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Angling in Arkansas

Originally Published in Trailer Life Magazine

There’s a saying in The Natural State that goes like this: “It’s not that the mountains are so high; it’s just that the valleys are so deep.” Add to that that the lakes are so clear, the fish so big, the scenery so splendid and the camping so great, and maybe, just maybe, you’ll get an idea of the breadth and beauty of the Arkansas Ozarks and its bounty of lakes and rivers. Seeing is believing and that’s why RVers should plan a trip to Mike Huckabee’s home state sometime during 2010. Study the variety of attractions and the best season in which to take advantage of them, and set your GPS for Arkansas; in particular, Bull Shoals in the northern part of the state close to the Missouri border.


Located here amid unique bluff formations and almost 1,000 acres of rugged shoreline, Bull Shoals Lake offers vacationers an array of water sports of almost incomparable proportions. With more than 45,000 surface acres spilling across Arkansas and Missouri state borders, this body of clear fresh water and its tributaries attract fishermen from across the country and beyond. At the base of the Bull Shoals Dam, the fifth largest concrete dam in the United States, lies the “Trophy Trout Zone of White River” where a record brown trout of 32 pounds was hooked in January 2006. Not everyone will reel in a catch of such magnitude, but everyone is guaranteed “pan-frying-size trout;” fish averaging 11 to 14 inches and 1 to 2 pounds are the norm here and include brown, rainbow, cutthroat and brook trout.


Both bank and wade fishing are available, with guides, licenses, boats and supplies at anglers’ disposal. A limit of five per day is carefully regulated. A few lucky campers could snag a spot at Rainbow Drive Resort located about 12 miles downstream from the dam; accommodating only three RVs and three tents, the interesting property also includes a hotel and restaurant, which has “campground room service” and encompasses a private island accessible only by boat, on which brave visitors enjoy primitive camping.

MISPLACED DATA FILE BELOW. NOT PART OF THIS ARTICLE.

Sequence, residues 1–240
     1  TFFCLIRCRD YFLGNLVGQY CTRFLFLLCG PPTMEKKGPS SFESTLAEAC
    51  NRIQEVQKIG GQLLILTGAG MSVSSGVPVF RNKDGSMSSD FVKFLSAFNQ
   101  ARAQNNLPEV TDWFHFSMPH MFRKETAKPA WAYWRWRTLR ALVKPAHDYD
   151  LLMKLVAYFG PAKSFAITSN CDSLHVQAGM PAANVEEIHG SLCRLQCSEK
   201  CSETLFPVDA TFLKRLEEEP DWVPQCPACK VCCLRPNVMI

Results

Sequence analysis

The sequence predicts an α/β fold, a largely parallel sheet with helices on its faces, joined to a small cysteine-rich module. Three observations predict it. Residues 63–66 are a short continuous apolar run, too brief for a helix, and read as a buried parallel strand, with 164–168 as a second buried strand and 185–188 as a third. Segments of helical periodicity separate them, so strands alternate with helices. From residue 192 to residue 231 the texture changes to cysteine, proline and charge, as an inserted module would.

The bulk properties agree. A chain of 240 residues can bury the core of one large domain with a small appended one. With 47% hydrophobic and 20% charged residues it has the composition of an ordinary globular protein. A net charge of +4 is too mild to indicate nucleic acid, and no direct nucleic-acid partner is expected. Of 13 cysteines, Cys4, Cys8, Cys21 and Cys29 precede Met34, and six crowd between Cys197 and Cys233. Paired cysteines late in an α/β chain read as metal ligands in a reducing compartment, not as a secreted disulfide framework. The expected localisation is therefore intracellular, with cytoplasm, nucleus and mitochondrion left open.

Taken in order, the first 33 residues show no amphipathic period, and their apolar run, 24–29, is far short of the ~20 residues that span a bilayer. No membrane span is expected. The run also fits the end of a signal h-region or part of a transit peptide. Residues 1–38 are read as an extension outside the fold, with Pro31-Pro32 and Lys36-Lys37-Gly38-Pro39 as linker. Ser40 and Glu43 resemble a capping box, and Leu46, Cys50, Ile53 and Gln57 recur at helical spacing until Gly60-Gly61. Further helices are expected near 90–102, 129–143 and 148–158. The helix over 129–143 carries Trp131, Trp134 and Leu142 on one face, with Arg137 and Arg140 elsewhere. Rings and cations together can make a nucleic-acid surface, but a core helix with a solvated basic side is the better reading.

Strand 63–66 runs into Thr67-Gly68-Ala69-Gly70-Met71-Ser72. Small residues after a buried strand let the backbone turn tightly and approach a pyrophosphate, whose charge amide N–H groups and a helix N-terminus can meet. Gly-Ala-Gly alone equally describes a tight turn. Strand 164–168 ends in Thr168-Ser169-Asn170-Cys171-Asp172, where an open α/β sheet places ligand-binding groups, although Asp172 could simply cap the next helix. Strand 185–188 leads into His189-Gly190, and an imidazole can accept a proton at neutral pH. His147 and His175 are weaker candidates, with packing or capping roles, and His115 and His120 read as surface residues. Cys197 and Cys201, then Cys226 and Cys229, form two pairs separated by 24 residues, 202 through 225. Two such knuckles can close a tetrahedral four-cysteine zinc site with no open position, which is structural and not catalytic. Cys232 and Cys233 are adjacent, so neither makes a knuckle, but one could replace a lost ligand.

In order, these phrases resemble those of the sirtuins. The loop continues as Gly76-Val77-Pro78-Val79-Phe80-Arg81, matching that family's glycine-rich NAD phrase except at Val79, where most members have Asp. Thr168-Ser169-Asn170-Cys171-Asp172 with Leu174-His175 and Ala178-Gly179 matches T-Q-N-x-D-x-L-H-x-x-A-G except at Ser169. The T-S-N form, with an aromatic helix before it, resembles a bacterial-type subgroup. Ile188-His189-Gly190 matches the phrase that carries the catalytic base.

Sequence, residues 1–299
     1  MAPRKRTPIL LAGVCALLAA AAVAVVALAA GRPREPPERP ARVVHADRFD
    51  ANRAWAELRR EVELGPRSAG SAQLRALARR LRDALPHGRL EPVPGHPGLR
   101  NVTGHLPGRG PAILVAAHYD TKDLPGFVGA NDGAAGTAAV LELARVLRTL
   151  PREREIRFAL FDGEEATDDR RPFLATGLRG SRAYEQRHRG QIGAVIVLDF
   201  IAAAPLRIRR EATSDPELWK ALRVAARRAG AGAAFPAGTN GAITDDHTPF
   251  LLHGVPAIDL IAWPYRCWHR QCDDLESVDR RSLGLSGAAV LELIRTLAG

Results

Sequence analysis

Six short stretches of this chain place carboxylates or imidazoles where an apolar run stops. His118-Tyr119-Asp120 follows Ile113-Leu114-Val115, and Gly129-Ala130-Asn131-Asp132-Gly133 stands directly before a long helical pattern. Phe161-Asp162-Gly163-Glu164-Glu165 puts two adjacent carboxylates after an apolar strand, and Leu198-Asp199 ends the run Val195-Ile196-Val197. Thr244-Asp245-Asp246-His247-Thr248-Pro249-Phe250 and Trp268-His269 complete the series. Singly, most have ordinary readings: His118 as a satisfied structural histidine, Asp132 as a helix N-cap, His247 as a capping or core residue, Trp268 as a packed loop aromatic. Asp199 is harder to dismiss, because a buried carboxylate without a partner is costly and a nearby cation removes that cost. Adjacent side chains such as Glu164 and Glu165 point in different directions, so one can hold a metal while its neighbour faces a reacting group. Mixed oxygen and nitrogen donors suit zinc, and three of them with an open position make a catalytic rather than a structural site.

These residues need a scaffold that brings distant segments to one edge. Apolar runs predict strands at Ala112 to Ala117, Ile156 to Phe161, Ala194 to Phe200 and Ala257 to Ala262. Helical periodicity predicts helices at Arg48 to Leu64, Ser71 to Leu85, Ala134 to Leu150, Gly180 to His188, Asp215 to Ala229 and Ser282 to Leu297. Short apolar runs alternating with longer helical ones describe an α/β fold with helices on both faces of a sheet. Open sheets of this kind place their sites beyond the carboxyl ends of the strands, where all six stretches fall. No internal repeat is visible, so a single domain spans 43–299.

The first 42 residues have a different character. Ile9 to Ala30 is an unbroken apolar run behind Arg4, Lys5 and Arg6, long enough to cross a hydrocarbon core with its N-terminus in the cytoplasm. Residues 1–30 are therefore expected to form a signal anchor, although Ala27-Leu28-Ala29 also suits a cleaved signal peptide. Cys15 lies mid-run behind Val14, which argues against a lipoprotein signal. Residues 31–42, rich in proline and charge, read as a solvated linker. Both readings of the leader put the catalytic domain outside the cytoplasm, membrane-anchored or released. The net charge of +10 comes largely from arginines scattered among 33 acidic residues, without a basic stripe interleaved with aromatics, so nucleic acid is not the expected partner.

Several marinas sprinkled around the massive lake offer hard-surface ramps for personal boat launching, boat rentals and other water toys for rent. When not dropping a line, vacationers may want to try their luck at waterskiing, scuba diving, wakeboarding and swimming; the sandy beaches are well-manicured and maintained by the U.S. Army Corps of Engineers. Though a bit brisk, the waters are available for swimming from mid-May through late-September whereas peak fishing season at Bull Shoals Lake is usually March, April and May.


January is the month for the exciting Bald Eagle watch, attracting hundreds of viewers along the zig-zagging shore and in boats, including several rental houseboats, from the calm water. Bull Shoals Lake with its serpentine arms and coves encompasses an enormous section of northern Arkansas, but the surrounding areas are also deserving of a visit. The rugged roads take RVers through the colorful Ozark terrain, alive with dogwood in the spring and fall foliage in autumn. Mountain arts-and-crafts, mills, historic homes, visitor centers, caverns and classes abound close to the lake. Indigenous food and shopping should also be sampled. RVers will discover comfortable camping at the Bull Shoals-White River State Park, where 83 sites span the riverbank; tent sites are nearby and a couple of rental trailers are also available. Hiking trails, playgrounds, picnic areas, supplies, and interpretive services are located on the grounds.


For more information, go to www.arkansas.com, www.arkansasstateparks.com.

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